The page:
When his family’s prosperity declined, Cavafy worked for 34 years, on-and-off, as a journalist, broker, and in the Irrigation Service, interspersed with short trips to Athens, France, England and Italy, until he retired in 1922. He died in Alexandria on his 70th birthday, 29 April 1933.

Cavafy was a ruthless self-critic, often troubled by his own unorthodox values – so self-critical, in fact, that he published little during his own lifetime. He rejected traditional Christian values, and the prevailing views on sexual ethics, nationalism and patriotism. He developed his own individualistic style, mixing a stilted and artificial use of Classical and Byzantine Greek with contemporary, demotic or vernacular Greek.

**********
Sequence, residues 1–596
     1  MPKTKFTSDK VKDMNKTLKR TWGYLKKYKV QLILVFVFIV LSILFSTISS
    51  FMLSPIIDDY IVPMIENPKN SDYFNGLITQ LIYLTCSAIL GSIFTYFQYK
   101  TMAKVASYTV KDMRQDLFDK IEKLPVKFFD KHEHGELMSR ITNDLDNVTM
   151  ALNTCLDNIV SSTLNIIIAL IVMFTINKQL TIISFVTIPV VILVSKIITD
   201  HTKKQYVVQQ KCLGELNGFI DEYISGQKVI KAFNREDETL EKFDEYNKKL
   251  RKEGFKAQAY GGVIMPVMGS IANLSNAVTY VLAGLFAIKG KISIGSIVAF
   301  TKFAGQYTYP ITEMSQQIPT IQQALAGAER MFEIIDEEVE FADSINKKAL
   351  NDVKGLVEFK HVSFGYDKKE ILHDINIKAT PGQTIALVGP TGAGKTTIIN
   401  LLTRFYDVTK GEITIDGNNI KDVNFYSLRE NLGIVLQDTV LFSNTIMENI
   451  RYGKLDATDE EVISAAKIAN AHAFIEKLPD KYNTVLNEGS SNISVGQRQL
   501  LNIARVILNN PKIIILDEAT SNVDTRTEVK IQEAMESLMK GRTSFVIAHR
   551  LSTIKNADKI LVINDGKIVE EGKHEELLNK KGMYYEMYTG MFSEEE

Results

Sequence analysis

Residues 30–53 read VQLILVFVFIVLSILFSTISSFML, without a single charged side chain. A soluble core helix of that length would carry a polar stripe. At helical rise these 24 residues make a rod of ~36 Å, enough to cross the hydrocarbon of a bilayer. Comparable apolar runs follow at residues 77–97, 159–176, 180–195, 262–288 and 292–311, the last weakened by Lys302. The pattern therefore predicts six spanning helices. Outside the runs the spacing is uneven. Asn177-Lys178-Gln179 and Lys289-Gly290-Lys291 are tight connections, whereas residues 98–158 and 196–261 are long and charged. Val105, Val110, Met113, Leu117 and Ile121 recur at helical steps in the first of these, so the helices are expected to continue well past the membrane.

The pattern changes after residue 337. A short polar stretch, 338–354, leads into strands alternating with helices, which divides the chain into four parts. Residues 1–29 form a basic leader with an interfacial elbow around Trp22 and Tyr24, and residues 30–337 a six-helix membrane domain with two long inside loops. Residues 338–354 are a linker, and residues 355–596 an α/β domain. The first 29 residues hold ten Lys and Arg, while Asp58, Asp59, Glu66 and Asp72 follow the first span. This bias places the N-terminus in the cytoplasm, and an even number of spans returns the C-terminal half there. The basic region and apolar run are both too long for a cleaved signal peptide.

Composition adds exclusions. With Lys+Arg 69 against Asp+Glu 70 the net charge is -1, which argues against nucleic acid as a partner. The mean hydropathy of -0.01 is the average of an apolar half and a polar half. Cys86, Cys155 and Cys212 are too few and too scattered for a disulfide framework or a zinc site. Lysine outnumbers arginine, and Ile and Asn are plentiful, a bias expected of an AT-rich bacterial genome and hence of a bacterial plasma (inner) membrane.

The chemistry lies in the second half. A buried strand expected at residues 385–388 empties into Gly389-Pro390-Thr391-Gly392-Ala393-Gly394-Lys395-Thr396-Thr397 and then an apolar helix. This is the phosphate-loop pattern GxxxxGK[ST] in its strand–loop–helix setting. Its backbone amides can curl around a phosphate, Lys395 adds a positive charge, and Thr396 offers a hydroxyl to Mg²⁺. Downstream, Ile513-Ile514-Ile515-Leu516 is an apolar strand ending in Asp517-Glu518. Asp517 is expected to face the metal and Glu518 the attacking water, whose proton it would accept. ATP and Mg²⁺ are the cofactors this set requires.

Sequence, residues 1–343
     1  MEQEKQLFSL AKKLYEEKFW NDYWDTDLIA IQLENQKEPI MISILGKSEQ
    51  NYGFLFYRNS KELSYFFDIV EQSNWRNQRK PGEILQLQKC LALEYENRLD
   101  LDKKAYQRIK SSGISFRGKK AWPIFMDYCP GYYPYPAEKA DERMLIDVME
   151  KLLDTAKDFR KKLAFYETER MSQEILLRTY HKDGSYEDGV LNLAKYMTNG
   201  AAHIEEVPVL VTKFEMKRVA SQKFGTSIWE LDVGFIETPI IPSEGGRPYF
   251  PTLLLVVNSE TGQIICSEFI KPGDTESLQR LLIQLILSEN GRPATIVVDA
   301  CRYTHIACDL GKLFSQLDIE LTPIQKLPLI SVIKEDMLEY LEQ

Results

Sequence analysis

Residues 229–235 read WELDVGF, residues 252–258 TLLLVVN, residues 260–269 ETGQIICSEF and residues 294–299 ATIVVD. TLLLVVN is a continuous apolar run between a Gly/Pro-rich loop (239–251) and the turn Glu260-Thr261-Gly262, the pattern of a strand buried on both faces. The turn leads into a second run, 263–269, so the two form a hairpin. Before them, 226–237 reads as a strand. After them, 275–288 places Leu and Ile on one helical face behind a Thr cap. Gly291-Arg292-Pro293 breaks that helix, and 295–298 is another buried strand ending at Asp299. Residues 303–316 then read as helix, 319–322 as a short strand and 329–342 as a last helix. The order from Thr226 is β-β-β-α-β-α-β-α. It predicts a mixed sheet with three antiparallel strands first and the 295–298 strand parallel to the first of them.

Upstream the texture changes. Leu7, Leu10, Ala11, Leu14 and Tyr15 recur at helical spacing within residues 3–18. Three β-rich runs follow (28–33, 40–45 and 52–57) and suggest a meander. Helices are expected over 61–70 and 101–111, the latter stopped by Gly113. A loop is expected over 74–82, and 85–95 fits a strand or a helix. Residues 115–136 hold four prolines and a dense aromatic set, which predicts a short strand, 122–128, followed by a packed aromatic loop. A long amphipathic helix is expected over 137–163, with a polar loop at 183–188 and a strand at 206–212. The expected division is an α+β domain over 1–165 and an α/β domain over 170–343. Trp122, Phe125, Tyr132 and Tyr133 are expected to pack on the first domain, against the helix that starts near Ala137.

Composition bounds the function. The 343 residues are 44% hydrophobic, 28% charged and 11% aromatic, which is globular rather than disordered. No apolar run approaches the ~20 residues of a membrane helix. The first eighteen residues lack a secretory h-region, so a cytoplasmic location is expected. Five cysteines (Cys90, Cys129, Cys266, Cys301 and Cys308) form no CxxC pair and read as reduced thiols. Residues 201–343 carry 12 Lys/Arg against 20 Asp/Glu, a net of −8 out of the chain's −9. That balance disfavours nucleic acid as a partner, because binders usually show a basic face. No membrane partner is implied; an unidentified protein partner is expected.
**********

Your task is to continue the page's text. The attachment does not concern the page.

Past and present, East and West, Greek and ‘barbarian,’ were fused into sophisticated commentaries on paganism, Christianity, and a decadent modern world. He sketched a rich gallery of historical, semi-obscure, or fictitious characters, using them as dramatis personae to act or be discussed in his poems. Sometimes his style is dramatic, as in ‘Waiting for the Barbarians,’ written in 1898 and printed in 1904.

In his poems, he often superimposes events and images from the Hellenistic and Byzantine worlds with events in his own time – two of the best-known examples of this are his poems ‘The god abandons Antony’ and ‘Ithaka’, both written over 100 years ago, in 1911.